Opinion: Lingayat row - Only Goddess rides the Tiger

Written By: Kartikeya Sharma
New Delhi, Delhi, India Published: Mar 27, 2018, 03:57 PM(IST)

The former Chief Minister of Karnataka BS Yeddyurappa. Photograph:( Others )

Electoral commitment reigns supreme in Indian politics but the desperation that politicians in Karnataka have shown for electoral benefits is as good as playing with fire. Now the Karnataka government has accepted the proposal of Justice Nagamohan Das Committee and decided to forward it to the Centre to make the final call on the issue, the outcome is anyone's guess.

The ramification will be felt nationally as the debate mutates from a sect's right to secede and acquire a separate identity to question of division of Hinduism into lesser denominations. On top of it, the larger Veer Shaiva community is opposed to this idea though Lingayats say that they are different from them.

After the unceremonious sacking of Karnataka CM Virendra Patil by the Congress government, the Lingayat community never voted for the Congress in-block since then. Today the community stands behind the BJP but with this move, political blocks in Karnataka will no doubt be rearranged. The decision might suit the BJP nationally but in the state it will have to redefine its position.
Lingayats have a substantial presence in Karnataka and can play a make-or-break role in assembly elections. Even former BJP chief minister Yeddyurappa belongs to the Lingayat community. The birth of religions has never been an easy process in any part of the world as it involves the process of differentiation and codification which is always marked with social upheaval and violence.

New religious ecosystems are always linked to an idea of God, society and salvation which stands in opposition to the existing practice.

But in Karnataka, the Lingayat churning has acquired an overt electoral colour. Caste reservations or linguistic reorganisation of states in the past too have been products of powerful agitations, but the demand for a separate religious status through a political agitation and mass rallies is a first in post-independent India.

Hinduism or as it is sometimes referred - Sanatan Dharma - is one of the five acknowledged religions in the Constitution of India. The Constitution provides freedom to practice and propagate religion in the country and this is enshrined as a fundamental right. In this context, the movement and protest in Karnataka is neither illegal nor outside the civilizational ethos of the subcontinent.

The difference this time is that politicians in Karnataka have decided to play with a social movement within Hinduism whose attempt was to establish an egalitarian society opposed to the prevalent caste structure and upper caste practices.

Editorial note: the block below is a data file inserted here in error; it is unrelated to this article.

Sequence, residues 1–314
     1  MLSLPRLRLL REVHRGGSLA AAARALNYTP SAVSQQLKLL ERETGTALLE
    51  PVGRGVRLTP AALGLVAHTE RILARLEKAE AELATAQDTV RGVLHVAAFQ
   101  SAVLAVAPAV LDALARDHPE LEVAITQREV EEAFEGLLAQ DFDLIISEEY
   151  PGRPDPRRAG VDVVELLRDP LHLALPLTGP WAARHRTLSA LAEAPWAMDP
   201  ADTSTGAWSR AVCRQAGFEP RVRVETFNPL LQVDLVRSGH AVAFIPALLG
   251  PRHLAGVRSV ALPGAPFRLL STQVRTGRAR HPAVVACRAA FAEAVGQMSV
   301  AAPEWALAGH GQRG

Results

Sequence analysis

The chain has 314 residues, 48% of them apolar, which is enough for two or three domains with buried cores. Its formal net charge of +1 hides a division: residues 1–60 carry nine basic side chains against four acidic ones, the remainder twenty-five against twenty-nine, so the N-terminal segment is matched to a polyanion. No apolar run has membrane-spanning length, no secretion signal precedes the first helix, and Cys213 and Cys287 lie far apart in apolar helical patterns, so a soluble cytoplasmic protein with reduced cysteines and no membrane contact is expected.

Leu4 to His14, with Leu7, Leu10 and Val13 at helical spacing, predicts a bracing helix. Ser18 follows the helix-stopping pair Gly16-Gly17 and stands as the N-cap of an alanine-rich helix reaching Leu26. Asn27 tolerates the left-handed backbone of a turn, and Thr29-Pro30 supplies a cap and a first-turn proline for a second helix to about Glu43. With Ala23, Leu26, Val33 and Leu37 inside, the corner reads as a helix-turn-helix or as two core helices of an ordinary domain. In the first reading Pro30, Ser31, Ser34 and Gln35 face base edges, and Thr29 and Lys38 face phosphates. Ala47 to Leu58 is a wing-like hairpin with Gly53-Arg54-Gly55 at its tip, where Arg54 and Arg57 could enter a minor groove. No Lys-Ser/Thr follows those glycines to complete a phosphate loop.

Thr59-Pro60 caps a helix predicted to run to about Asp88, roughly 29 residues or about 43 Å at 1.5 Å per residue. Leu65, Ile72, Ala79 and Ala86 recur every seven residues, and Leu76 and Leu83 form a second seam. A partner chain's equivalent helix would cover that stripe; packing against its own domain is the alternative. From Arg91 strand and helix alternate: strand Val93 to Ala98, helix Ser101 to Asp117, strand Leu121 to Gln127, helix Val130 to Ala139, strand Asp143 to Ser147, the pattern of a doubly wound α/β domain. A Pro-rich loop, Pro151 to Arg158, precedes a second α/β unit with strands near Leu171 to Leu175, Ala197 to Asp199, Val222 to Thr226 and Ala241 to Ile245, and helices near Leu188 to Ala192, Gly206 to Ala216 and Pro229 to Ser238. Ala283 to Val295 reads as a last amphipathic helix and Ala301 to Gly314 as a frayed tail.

Hinduism over time has seen the rise and fall of various sects which are primarily described as sampradayas. In this context, Lingayats say that they have been different from 12th century AD and also want to be differentiated from Veershaivas, who they feel are using the word "Lingayats" far too loosely.

Broadly, reform movements through centuries have made an impact on Hinduism, but eventually become part of the larger Hindu family. The ability to absorb and live peacefully with differences is one of the strengths of Hinduism.
With political manoeuvring, it opens up a Pandora's box whose impact can be constitutional, civilizational and political. It will be constitutional because any addition will have to be legislated and the matter will undergo legal scrutiny. It is civilizational because after Buddhism, Jainism and Sikhism, Lingayats will become the fourth religion to be born in India out of a legal and political process and not through social negotiation with other religious cosmologies.

For example, the birth of Sikhism was bloody and led to sacrifices by the Gurus who led the faith and subsequently codified it. In the Lingayat’s context, the issue was examined a legal luminary and will be followed up by political luminaries at Centre.

The political impact of the Lingayat demand being accepted would be far more pervasive. It will reduce the demographic and numerical strength of Hinduism in Karnataka and secession will open the door to other sects to be recognised as a separate religion.

It can be argued that the strength of Hinduism has been its ability to absorb dissent by creating subspaces like sects which can be independent organizationally and socially, but still share common cultural codes of worship and life in general with Hinduism.

Though the context was different but the "Communal Award" announced by the British for a separate electorate touched the same nerve against which Mahatma Gandhi fasted. The time and subject is different but the context remains the same. The party which would pander to this may win Karnataka, but will lose India hands down for the polarisation it will create.

Politicians should remember that only the Goddess rides the tiger.

(Disclaimer: The opinions expressed above are the personal views of the authors and do not reflect the views of ZMCL)

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